In other news: pal Tim, who wrote this lengthy essay that you should read if you haven’t already, has published his follow-up which I think you should read as well. Tim’s gettin’ back into the old blogging game somethin’ fierce, and if you’d like to help him out, he’s got one of those Patreons that you can throw some simoleons at if you’ve got a couple to spare.

I’ll be contributing myself in the next couple of weeks, as soon as I get through a month with the quarterly sales tax payment, car stuff, plus other big expenses, and by total coincidence here’s a link to my own Patreon.

Besides, she’s not wearing that headband in the ad, so clearly it was an entirely different story.

§ October 4th, 2016 § Filed under self-promotion, swamp thing § 4 Comments

I’ve once again dipped my toes into the Trouble with Comics pool, contributing to the Weekly Question of the Week, he said redundantly and repeatedly, this time discussing favorite “Comics What Never Wuz.” As you probably have guessed, I picked Swamp Thing as the focus of my discussion, and if you’re familiar with Swamp Thing at all, there should be one story that comes to mind right away, so of course I primarily discussed another one. Anyway, go read what I had to say and then meet back here so I can give you some additional notes on the matter. Go on, read it. I’ll know if you haven’t. I’M WATCHING.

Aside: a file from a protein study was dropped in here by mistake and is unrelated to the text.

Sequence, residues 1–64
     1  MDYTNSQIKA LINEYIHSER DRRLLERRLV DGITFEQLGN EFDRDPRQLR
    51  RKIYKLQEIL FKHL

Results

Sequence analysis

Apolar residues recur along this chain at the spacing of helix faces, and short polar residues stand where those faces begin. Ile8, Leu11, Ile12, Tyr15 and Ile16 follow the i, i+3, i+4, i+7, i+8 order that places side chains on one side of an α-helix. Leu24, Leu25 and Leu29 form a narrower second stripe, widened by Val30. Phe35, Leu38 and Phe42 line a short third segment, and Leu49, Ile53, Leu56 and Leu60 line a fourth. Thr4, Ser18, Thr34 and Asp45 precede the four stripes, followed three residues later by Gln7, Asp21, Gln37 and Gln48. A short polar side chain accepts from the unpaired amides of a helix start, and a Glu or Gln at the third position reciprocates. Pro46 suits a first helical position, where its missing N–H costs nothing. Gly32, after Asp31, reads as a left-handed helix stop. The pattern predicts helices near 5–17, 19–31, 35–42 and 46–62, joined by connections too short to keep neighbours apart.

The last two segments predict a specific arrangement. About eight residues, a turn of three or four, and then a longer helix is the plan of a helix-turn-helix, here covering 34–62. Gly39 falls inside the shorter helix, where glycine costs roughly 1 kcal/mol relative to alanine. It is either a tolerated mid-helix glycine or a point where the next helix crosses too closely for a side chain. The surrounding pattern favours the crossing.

Okay, one thing I wanted to add was a bit of information I gleaned from the Tom Yeates interview in the new-last-week issue of the Back Issue magazine. Yeates (who drew most of the initial storyline on the Saga of the Swamp Thing comic from the early 1980s) said he was approached to complete the art job on that Wein/Wrightson reunion comic that Wrightson ended up departing. In the Swampmen book I reference over at TwC, Wein says he suggested “several names” to the publisher, including Kelley Jones (who’s drawn his fair share of Swamp Thing comics over the years), so I imagine Yeates was probably one of said suggestions. Anyway, it’s a shame that particular mini-series never happened.